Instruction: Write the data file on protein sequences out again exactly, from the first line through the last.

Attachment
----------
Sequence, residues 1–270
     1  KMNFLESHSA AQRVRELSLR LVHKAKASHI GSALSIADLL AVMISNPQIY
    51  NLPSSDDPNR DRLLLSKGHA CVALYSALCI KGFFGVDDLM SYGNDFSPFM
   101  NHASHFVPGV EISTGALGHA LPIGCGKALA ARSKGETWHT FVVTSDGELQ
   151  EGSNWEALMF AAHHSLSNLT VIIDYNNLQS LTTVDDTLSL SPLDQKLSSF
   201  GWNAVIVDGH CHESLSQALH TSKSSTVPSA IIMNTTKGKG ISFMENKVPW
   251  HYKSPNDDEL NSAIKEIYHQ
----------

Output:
Sequence, residues 1–270
     1  KMNFLESHSA AQRVRELSLR LVHKAKASHI GSALSIADLL AVMISNPQIY
    51  NLPSSDDPNR DRLLLSKGHA CVALYSALCI KGFFGVDDLM SYGNDFSPFM
   101  NHASHFVPGV EISTGALGHA LPIGCGKALA ARSKGETWHT FVVTSDGELQ
   151  EGSNWEALMF AAHHSLSNLT VIIDYNNLQS LTTVDDTLSL SPLDQKLSSF
   201  GWNAVIVDGH CHESLSQALH TSKSSTVPSA IIMNTTKGKG ISFMENKVPW
   251  HYKSPNDDEL NSAIKEIYHQ